The Martian Chronicles

The first time I read Ray Bradbury’s The Martian Chronicles, I was 16 or 17, in high school. All the dates were in the future, then.

The second time I read The Martian Chronicles, I was 40, Ray Bradbury had recently died, and only the last three chapters were in the “future”.

I’ve grown a lot in those twenty+ years. I’ve matured as a reader and as a writer. I’ve actually had one of my short stories compared to Bradbury’s writing, which I thought was an immense honour.

When I was a teenager — heck, into my thirties — I was a science fiction snob. I sniffed in disdain at fantasy (excepting, of course, Terry Pratchett’s oeuvre and the then-ongoing Dark Tower saga from Stephen King — yes, I was a hypocrite.) The Martian Chronicles was the first thing I read that melded science fiction and fantasy — not the swords-and-sorcery type that I was so dead-set against back then (and still am not a huge fan of), but the subtler fantasy that allows a rocket launch to turn winter into flowers-blooming summer for a day. The fantasy that has a traveler on a lonely road meeting up with a Martian millennia dead, a Martian that views him as the ghost instead. A Johnny-Appleseed figure that plants oaks that grow large enough to provide shade in a single night.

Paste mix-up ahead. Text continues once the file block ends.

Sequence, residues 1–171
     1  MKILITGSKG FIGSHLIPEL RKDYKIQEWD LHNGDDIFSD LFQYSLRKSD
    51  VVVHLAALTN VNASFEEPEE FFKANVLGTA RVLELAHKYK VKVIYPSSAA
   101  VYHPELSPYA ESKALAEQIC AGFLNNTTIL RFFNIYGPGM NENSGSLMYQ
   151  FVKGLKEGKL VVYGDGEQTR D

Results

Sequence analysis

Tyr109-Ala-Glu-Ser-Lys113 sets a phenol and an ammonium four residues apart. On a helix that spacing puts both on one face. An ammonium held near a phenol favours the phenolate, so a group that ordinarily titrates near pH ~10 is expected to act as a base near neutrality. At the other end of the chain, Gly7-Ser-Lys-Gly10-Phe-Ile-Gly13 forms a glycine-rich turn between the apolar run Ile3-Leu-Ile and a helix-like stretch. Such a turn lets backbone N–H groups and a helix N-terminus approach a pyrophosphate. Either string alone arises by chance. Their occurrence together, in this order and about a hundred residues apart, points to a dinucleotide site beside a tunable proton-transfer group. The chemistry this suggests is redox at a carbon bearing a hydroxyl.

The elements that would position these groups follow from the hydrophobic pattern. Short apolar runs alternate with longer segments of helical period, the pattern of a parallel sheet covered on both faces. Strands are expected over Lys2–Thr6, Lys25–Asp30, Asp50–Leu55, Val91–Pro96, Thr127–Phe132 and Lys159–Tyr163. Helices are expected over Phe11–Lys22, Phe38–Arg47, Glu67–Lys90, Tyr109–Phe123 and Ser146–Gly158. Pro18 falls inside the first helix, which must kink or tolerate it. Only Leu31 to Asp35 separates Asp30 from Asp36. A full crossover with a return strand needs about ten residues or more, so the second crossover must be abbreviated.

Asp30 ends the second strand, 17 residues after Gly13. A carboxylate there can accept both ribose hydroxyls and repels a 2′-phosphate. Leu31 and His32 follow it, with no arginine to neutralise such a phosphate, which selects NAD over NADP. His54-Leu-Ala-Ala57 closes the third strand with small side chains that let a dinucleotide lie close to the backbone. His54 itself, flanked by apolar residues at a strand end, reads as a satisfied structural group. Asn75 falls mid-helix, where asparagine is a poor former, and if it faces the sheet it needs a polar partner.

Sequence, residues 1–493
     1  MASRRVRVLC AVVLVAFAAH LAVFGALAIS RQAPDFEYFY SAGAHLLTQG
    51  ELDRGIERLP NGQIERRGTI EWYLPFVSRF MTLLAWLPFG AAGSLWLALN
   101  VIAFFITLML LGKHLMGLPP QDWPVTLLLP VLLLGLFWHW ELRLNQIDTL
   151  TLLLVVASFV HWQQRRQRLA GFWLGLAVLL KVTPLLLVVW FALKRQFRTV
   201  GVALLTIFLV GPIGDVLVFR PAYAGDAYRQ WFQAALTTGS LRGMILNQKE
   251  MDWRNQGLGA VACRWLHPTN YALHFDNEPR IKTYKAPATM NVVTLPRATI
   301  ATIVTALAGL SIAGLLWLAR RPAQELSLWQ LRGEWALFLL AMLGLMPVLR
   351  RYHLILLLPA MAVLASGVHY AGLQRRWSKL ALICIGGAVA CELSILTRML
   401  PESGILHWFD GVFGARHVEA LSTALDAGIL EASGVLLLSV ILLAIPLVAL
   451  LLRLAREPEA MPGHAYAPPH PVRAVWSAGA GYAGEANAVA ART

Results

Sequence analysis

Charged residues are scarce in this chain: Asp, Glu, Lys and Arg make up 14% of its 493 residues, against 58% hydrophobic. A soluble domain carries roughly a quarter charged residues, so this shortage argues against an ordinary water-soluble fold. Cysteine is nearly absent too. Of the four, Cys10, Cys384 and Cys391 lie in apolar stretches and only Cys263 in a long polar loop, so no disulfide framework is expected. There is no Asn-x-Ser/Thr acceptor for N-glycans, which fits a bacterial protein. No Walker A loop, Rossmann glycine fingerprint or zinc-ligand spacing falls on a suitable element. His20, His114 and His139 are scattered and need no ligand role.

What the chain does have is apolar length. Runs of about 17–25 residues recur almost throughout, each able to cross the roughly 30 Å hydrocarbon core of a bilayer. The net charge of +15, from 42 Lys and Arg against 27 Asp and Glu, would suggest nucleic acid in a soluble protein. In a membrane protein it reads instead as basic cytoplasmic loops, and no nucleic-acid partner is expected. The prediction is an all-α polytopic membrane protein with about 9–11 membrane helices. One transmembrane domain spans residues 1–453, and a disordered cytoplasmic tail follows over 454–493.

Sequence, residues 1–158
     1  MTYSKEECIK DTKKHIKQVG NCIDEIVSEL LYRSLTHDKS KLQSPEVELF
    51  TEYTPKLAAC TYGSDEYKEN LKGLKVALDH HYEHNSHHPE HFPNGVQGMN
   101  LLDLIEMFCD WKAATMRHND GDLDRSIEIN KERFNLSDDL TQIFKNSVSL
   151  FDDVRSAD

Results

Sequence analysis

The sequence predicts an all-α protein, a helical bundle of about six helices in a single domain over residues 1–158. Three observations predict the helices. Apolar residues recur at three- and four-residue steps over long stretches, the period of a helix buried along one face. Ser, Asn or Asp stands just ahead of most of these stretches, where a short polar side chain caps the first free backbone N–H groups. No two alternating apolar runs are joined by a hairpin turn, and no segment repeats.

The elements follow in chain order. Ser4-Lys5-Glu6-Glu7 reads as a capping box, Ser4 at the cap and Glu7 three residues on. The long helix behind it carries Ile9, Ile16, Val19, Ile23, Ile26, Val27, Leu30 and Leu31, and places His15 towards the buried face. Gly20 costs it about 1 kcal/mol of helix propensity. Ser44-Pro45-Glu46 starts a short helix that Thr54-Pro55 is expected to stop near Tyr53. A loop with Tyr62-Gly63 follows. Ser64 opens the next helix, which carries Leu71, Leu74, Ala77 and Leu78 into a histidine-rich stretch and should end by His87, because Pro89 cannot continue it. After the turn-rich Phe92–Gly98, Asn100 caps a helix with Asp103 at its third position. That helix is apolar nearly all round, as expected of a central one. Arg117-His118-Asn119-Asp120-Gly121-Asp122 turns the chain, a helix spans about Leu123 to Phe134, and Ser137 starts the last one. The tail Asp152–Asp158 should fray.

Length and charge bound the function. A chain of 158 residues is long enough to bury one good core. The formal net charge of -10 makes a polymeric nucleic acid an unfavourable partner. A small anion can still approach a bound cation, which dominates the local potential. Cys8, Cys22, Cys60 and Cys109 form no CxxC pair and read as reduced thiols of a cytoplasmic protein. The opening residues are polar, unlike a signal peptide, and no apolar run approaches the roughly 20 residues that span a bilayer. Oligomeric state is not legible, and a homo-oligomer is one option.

There’s a poetry to Bradbury’s writing, the same sort of poetry that I find in William Gibson’s writing, though in a very different way. They both have a talent for finding le mot juste, that elusive turn of phrase that makes everything clear in the reader’s mind.

If you haven’t read The Martian Chronicles, go, do so.